What goes around comes around, I suppose.

An online florist based in Chicago has adopted a new policy which seems to be custom made for controversy and court action. If you want to order any flowers from them at their website you’ll need to answer a question first and it has to do with whether or not you are willing to condemn various things. Give the “correct” answer and you proceed to browse their offerings. Give the “wrong” answer and you are launched away from the online store and will be unable to shop there. (CBS Chicago)

An online flower shop that’s based in Chicago is asking potential customers to answer a question about their politics. If they don’t give the right answer they can keep their money.

The pop-up comes on the screen before you can order flowers from Flowers for Dreams. It says: “Do you condemn racism, Nazism, and white nationalism?”

If yes – then customers may proceed. If no – then people are automatically redirected to the U.S. Holocaust Museum website.

The owner of the business, Steven Dyme, probably feels like he’s fairly safe in doing this for a number of reasons. First of all, he’s the grandchild of holocaust survivors, immediately making him a sympathetic figure. Second, he’s not targeting a politically popular and approved group. Who on Earth is going to come out in support of people who refuse to condemn Nazis?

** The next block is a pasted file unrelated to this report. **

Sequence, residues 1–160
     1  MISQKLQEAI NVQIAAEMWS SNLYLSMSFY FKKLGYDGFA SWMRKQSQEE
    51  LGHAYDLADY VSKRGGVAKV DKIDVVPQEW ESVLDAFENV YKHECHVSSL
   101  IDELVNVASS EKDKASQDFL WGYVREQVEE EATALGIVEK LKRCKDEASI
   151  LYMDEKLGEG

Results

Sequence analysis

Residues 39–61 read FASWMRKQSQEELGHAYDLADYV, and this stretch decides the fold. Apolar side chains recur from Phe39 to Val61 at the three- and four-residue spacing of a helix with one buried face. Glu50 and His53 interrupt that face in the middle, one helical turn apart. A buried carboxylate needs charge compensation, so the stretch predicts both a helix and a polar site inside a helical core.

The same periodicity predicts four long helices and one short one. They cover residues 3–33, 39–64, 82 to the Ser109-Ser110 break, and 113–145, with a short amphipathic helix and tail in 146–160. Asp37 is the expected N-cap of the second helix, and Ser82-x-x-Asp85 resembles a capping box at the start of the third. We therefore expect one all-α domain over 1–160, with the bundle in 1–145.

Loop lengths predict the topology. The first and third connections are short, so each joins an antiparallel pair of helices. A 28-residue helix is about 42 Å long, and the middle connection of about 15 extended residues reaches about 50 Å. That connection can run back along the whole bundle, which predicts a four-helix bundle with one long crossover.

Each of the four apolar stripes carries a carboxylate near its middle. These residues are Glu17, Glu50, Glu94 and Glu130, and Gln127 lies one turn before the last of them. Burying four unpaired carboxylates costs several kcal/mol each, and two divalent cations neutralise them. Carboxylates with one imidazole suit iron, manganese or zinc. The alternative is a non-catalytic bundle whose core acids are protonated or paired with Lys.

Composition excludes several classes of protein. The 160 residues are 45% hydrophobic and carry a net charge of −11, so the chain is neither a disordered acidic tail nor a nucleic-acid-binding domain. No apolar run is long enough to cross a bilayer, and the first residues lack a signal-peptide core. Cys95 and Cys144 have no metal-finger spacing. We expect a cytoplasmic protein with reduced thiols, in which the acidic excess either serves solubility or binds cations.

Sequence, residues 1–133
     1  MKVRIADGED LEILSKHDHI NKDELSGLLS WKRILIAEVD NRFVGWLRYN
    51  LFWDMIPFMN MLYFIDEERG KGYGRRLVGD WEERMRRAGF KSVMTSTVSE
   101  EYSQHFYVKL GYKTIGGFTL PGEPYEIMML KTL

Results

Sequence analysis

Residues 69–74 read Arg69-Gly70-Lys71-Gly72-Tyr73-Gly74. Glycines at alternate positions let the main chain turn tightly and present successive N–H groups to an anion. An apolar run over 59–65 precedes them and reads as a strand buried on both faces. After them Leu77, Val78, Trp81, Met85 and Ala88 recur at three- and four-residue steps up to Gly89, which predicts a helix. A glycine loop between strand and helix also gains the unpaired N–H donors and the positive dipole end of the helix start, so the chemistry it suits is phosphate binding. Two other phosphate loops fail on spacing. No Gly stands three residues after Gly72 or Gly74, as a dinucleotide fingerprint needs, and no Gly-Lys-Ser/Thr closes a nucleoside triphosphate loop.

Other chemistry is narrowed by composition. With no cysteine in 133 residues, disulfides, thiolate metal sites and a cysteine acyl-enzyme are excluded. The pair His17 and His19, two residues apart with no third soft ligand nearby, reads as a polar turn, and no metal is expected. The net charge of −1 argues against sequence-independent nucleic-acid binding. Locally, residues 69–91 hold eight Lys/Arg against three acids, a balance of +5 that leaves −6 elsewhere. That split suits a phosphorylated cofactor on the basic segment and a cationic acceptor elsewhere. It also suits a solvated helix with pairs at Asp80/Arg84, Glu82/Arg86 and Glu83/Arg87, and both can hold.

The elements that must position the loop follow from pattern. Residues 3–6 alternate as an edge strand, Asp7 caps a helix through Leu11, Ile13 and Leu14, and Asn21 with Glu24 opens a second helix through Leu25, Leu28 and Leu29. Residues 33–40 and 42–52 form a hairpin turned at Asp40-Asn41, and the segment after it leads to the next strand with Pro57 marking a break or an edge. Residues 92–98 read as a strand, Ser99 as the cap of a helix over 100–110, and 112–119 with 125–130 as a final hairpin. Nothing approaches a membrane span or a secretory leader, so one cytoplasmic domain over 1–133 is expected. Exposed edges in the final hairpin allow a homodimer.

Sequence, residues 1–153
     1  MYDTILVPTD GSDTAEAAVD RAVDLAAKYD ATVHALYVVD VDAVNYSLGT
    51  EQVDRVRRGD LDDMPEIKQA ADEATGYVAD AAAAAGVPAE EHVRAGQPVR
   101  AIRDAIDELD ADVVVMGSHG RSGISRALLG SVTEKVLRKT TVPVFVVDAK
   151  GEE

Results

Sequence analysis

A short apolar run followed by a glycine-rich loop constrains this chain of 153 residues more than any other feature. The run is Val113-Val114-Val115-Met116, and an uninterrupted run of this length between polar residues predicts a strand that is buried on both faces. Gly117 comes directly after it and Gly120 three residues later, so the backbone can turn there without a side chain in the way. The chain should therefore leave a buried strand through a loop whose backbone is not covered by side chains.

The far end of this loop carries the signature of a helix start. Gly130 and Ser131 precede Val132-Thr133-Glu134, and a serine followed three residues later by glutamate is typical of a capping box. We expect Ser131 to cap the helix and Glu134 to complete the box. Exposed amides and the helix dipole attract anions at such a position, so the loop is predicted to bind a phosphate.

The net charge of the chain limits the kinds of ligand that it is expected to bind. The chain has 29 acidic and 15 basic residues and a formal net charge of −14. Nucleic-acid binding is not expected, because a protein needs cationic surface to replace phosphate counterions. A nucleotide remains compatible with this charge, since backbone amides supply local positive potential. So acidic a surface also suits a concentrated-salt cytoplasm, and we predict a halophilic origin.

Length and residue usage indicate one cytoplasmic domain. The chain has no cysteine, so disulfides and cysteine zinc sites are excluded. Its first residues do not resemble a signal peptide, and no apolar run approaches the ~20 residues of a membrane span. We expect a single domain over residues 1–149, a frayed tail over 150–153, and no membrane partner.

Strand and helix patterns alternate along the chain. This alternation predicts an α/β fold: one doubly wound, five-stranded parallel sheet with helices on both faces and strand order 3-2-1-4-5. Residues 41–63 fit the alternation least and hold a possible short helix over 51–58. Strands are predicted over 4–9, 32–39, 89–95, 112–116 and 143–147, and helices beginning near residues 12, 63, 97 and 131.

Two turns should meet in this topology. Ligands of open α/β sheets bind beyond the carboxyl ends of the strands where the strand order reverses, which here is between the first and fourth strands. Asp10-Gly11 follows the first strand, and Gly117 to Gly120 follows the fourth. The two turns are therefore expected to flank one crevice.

But it’s not as simple as that, is it? While it should already be obvious, the parallels to the gay wedding florist cases are too clear to ignore. This is a retailer serving the public who is clearly (and by his own admission) denying service to consumers based on nothing more than their belief in a particular issue. We’ve already seen how courts at various levels have treated the question when services were refused to gay couples planning their weddings.

In those cases, there is at least the religious freedom angle to go on. If the vendor feels that an action would be in conflict with their deeply held religious beliefs then a court can find a path to support their choice. But there’s no religious freedom angle here, really. The only case to be made would be built on free speech, but now you’ve opened up an entirely new can of worms. If a vendor can refuse service to anyone based on their particular beliefs (no matter how abhorrent those beliefs may be) then all bets are off. Bars could start asking people if they condemn abortion services and either accept or reject their orders based on the answer given. It’s a very Libertarian concept in a way, since private sector businesses really should be able to choose who they serve and let the public decide with their wallets whether the business thrives or fails. But the fact is, that’s not how it works in the courts of the real world.

So will Dyme be taken to task for this action? I’m fairly sure you’d need to find someone to challenge him on it and claim that they were injured by the denial of service. And that means you need to find a plaintiff willing to go on record has having answered “no” to the question on the website. Could be a tall order.